11. I won’t forget when you happened to turn up to the Sydney Model Railway Exhibition back in 2018 and were thoroughly disappointed in the quality on show, including many layouts where time had been spent on scenery only for the trains to be straight out of the box plonks. It makes one think about how the train and the layout have to work in harmony for a proper layout, such as on your show favourite Fingal (Tasmanian Government Railways in 3’6” OO for those playing at home). The modelling scene is a little different out here, granted. Slowly but surely though this attitude of plonking is changing and for the better. Locomotives and rollingstock are now becoming more customised and weathered, rollingstock is getting a healthy dip in dirt where needed and even the track is having attention paid to it. There’s a few Facebook groups that are around and good for modelling, but the one with the most inspiration (even though the spectrum of the group is the 1975-1995 diesel scene) has for the last few years even started putting on a modelling day with 2 layouts, a raffle that manufacturers are contributing to (kit and RTR) and now even clinics in a back room. Some people now seek out specific consists to run, even for that day only and loan each other stock to enable this to happen. It’s a novel approach to modelling in the 21st Century, but it has been paying off big-time for all the modellers getting involved and changing the hobby. On Kit vs RTR, the market down here is majorly different to the UK, particularly steam locomotives. Things are that dire with RTR steam that 1980s and 1990s Korean brass locomotives are still considered the high point of steam for the most part. These still require work without a doubt to properly represent a locomotive, but it’s a sad thought that the best stab at a NSWGR C38 is now reaching middle age and the newest example would be akin to the accuracy in some areas of a tender drive A4.
  12. I could add the 'I'll get around to it eventually' excuse, but some of the best modellers I know have stashes so impressive a Dr Jones might soon pay a visit! However, the only way one can learn is by giving things a go-I cannot for the life of me renumber a RTR locomotive as I type this. However, I have some spare bodies of locomotives and rollingstock here to give it an attempt shortly, because the only way I'm going to learn it is by making mistakes along the way and actually learning. Something else good to have is a more experienced modelling friend who will help to guide you along the way-even the most experienced modeller was once a novice.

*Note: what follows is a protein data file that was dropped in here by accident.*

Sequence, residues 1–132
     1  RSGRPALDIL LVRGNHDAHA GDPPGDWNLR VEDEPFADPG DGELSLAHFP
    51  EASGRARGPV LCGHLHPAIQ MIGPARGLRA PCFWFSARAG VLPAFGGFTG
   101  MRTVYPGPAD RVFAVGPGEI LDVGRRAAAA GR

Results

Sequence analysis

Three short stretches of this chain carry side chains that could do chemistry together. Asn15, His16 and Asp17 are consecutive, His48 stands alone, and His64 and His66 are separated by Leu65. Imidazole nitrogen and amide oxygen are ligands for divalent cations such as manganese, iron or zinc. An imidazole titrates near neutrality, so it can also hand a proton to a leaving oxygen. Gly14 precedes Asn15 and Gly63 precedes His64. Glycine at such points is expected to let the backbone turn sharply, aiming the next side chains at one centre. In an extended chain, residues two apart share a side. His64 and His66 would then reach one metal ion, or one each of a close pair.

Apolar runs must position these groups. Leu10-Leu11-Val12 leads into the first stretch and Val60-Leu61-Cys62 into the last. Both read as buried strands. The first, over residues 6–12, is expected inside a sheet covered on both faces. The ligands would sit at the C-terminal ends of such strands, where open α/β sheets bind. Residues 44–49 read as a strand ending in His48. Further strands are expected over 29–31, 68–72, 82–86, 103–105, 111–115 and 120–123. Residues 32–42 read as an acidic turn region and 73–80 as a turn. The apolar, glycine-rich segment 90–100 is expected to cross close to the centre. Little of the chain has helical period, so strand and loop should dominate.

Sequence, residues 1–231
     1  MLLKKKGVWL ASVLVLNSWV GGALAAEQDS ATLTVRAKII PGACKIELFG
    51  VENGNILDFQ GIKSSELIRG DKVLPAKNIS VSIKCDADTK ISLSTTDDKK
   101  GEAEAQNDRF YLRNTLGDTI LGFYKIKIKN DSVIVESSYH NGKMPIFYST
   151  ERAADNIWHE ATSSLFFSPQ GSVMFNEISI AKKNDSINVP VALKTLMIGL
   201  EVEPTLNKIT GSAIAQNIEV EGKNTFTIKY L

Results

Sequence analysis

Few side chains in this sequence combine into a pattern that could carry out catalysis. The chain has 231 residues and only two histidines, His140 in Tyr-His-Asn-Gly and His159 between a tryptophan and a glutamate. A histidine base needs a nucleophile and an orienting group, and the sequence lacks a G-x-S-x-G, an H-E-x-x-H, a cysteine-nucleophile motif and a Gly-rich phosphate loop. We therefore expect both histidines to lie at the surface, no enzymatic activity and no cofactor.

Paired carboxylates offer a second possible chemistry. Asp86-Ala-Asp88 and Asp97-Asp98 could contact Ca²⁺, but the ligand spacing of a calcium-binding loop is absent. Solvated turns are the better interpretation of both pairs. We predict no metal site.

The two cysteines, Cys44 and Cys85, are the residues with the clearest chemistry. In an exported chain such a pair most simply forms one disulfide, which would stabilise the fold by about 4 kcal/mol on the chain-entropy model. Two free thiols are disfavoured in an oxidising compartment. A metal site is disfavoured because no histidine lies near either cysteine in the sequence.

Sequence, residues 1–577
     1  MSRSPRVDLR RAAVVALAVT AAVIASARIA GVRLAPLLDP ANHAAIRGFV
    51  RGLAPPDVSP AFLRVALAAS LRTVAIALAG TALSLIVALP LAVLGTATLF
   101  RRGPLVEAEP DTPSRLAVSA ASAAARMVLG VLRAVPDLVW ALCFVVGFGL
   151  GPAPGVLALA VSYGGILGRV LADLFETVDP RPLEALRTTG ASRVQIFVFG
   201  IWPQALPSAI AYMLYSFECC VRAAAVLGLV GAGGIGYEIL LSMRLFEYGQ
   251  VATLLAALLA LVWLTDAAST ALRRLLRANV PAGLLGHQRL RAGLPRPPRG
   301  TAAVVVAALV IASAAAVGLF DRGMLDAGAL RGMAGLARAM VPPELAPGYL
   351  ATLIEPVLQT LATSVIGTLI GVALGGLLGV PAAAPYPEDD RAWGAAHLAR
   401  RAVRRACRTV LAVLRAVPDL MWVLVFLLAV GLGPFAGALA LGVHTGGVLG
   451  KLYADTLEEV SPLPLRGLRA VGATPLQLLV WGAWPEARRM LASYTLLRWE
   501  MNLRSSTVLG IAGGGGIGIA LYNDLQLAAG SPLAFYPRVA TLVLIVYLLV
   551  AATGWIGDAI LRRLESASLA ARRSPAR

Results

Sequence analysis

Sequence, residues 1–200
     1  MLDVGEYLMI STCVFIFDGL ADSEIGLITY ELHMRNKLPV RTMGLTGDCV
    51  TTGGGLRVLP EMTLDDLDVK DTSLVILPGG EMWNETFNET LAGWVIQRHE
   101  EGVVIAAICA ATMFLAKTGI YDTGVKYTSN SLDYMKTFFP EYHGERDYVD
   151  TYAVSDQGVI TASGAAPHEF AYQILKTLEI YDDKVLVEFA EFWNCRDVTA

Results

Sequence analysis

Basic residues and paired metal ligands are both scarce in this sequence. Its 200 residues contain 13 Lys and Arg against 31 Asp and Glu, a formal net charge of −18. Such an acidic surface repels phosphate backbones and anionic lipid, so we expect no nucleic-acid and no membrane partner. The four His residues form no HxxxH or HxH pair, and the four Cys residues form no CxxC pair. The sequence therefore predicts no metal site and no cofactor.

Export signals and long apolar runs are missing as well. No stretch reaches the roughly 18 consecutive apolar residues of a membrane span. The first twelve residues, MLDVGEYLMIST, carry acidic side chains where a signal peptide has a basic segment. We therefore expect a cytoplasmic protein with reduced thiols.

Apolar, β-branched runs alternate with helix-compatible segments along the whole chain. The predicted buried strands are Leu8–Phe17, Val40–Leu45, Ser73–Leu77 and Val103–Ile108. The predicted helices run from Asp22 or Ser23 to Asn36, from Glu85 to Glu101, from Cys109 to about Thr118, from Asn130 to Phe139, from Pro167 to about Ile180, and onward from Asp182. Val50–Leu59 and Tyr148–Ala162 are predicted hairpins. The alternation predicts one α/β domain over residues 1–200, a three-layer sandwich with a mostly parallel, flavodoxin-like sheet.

13. Well after missing both batches originally, the opportunity came up to grab a D5706 (2812) for the equivalent of about £80 from a second hand sale and so here I am. Although I’ve yet to give it a run, it is such a lovely model sitting still. Not something I though I’d ever say about a Class 28.
  14. Ah-I'm glad someone else on the thread knows the issue I refer to with these models. I can't comment on the other solutions to come out (bar the white gears on eBay-no good), but the gears recently done were done by InFront Models, and are not on the axle but require mounting to. They were released in August and I'm pretty sure they haven't been released with SDS-that might be the NR spares, which I think are adaptable to any Austrains model-though I believe they sold out darn quick of them! Given that it's the whole geartrain that can have issues as you've mentioned, I'll have a look through the whole set then-I've got a loco drive LNER Blue Mallard I pulled apart many years ago to do something with and simply never got around to putting back together-I could easily turn this into a test hack model with a new set of gears fitted at different stages, as well as sending out a few samples to see how they perform for others. This is currently an idea more than anything, but one that I think I'd be best to investigate. If it can provide a reliable, accessible replacement for the failing parts, then it would be silly not to go ahead with the idea. And you are correct on the numbering name-I quite like the balanced look of the LNER A5s, particularly the /2 variant, so when the time came to pick a name for RMweb, the idea came about to use the number that should have been used for the last built, but because of 5447 being withdrawn it was never used. The number would be free for a new-build though, should anyone ever wish to.